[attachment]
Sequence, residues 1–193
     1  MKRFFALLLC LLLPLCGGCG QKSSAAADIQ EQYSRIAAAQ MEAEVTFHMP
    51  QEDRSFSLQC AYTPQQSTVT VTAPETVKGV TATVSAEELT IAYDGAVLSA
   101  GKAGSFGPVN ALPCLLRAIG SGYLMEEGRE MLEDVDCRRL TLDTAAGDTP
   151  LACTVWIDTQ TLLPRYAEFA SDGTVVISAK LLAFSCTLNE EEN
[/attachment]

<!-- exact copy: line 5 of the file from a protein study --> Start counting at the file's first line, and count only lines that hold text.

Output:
   151  LACTVWIDTQ TLLPRYAEFA SDGTVVISAK LLAFSCTLNE EEN